Easy Like Sunday Morning
The Only Three Gas Grills You’ll Ever Need
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Charcoal grills may be versatile, but they’re also finicky, requiring both skill and constant attention when in use. Gas grills, on the other hand, win on convenience. They’re easy to ignite, quick to heat and hold their temperature over long periods of time with little attention. Sure, they’re also pricey, but well-designed gas grills are easy to care for, with little clean up or overall maintenance, promising years of grade-A barbecue. It’s not surprising then that most grills sold today are fueled by gas, whether it be liquid propane or natural gas. These are the three to consider depending on your budget.
Huntington Cast Aluminum 24025HNT
Best Value: Huntington’s simple Cast Aluminum 24025HNT is a great introduction to gas grills, and ideal for small families or groups of friends. It’s made in America, produces 25,000 BTUs and retains the heat thanks to the die cast aluminum cook box. For less than $200, it can’t be beat.
Primary Cooking Area: 240 sq. in.
Lynx 36-Inch All-Sear Grill with Rotisserie
Best All-Around: One of the finest luxury grills known to man, Lynx’s 36-Inch All-Sear Grill consists of three proprietary ProSear-2 infrared burners, each boasting 23,000 BTUs — for a combined 69,000 BTUs. Its main and secondary cooking areas offer 935 square inches of grilling area and a dual-position, three-speed rotisserie (with 14,000 BTUs) allows for slow roasting. Sure, it’s expensive. But good things in life sometimes are. (Looking for something under $1,500? Consider the Weber Summit E-420.)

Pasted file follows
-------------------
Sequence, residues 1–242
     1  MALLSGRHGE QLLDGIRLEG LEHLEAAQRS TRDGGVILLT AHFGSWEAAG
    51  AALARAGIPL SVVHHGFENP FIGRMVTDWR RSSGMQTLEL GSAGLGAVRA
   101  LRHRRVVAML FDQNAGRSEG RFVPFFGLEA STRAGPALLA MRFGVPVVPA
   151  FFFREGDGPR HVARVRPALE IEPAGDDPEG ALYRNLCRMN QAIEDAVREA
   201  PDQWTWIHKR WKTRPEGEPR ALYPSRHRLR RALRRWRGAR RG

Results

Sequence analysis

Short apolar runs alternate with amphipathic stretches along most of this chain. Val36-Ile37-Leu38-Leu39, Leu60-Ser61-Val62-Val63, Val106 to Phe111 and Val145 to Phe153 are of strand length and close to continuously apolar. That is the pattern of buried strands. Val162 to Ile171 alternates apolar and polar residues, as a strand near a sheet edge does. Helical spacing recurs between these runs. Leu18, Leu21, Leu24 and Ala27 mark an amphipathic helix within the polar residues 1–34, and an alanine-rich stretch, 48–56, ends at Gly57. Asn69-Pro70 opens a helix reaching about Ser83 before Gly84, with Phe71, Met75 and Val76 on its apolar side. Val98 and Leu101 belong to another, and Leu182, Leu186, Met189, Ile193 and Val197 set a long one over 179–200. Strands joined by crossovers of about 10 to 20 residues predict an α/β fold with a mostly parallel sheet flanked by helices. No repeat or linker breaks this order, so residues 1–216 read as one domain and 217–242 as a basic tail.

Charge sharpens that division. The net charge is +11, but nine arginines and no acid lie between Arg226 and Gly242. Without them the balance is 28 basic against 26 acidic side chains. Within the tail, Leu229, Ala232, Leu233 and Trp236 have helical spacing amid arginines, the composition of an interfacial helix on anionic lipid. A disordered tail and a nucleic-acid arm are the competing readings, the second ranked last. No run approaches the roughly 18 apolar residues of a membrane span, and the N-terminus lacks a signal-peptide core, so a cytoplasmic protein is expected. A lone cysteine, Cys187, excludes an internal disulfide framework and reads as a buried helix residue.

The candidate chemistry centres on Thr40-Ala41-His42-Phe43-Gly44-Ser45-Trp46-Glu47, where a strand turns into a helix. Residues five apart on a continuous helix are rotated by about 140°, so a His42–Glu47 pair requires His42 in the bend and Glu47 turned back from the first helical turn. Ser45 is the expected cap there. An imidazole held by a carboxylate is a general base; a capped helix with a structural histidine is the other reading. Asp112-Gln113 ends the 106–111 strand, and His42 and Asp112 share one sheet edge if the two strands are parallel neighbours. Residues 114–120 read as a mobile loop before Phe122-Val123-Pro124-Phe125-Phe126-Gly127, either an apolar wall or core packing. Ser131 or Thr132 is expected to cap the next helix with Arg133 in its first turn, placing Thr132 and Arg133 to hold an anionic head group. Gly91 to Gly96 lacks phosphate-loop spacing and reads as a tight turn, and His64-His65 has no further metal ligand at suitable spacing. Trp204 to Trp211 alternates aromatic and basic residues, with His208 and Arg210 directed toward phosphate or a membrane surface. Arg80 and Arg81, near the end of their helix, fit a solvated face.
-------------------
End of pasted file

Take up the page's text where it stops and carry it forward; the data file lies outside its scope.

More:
Primary Cooking Area: 640 sq. in.
Kalamazoo K750HT Hybrid Fire Freestanding Grill
The Grail: Available in an array of sizes (or with a side burner), Kalamazoo’s flagship freestanding grill is the mack daddy of outdoor cooking gear. It’s fully customizable, starting with laser-cut grilling surfaces in a range of different patterns for meat, fish or vegetables. Its big distinction, however, is that the grill is designed with the ability to cook in conjunction with charcoal or wood for slow, sustained heat, high searing, or any combination of techniques.
BTUs: 72,750 (Liquid Propane)
Primary Cooking Area: 726 sq. in.
Prefer charcoal? These are the only grills to consider. Read the Story